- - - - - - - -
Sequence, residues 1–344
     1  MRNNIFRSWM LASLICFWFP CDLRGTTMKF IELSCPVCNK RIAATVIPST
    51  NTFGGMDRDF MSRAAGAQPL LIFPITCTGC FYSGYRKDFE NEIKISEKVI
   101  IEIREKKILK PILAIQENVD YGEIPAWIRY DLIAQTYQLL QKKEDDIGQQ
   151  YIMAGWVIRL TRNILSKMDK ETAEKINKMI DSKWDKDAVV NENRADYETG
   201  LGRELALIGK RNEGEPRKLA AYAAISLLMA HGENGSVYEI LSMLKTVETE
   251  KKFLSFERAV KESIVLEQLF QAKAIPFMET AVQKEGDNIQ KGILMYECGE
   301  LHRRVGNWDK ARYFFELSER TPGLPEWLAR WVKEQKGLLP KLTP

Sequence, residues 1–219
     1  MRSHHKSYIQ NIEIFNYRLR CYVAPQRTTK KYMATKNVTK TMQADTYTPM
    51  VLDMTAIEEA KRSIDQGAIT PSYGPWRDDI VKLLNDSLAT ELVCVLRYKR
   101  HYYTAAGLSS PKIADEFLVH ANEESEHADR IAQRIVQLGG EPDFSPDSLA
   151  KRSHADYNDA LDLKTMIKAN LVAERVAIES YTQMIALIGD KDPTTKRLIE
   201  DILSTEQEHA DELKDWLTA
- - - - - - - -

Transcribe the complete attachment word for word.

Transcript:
Sequence, residues 1–344
     1  MRNNIFRSWM LASLICFWFP CDLRGTTMKF IELSCPVCNK RIAATVIPST
    51  NTFGGMDRDF MSRAAGAQPL LIFPITCTGC FYSGYRKDFE NEIKISEKVI
   101  IEIREKKILK PILAIQENVD YGEIPAWIRY DLIAQTYQLL QKKEDDIGQQ
   151  YIMAGWVIRL TRNILSKMDK ETAEKINKMI DSKWDKDAVV NENRADYETG
   201  LGRELALIGK RNEGEPRKLA AYAAISLLMA HGENGSVYEI LSMLKTVETE
   251  KKFLSFERAV KESIVLEQLF QAKAIPFMET AVQKEGDNIQ KGILMYECGE
   301  LHRRVGNWDK ARYFFELSER TPGLPEWLAR WVKEQKGLLP KLTP

Sequence, residues 1–219
     1  MRSHHKSYIQ NIEIFNYRLR CYVAPQRTTK KYMATKNVTK TMQADTYTPM
    51  VLDMTAIEEA KRSIDQGAIT PSYGPWRDDI VKLLNDSLAT ELVCVLRYKR
   101  HYYTAAGLSS PKIADEFLVH ANEESEHADR IAQRIVQLGG EPDFSPDSLA
   151  KRSHADYNDA LDLKTMIKAN LVAERVAIES YTQMIALIGD KDPTTKRLIE
   201  DILSTEQEHA DELKDWLTA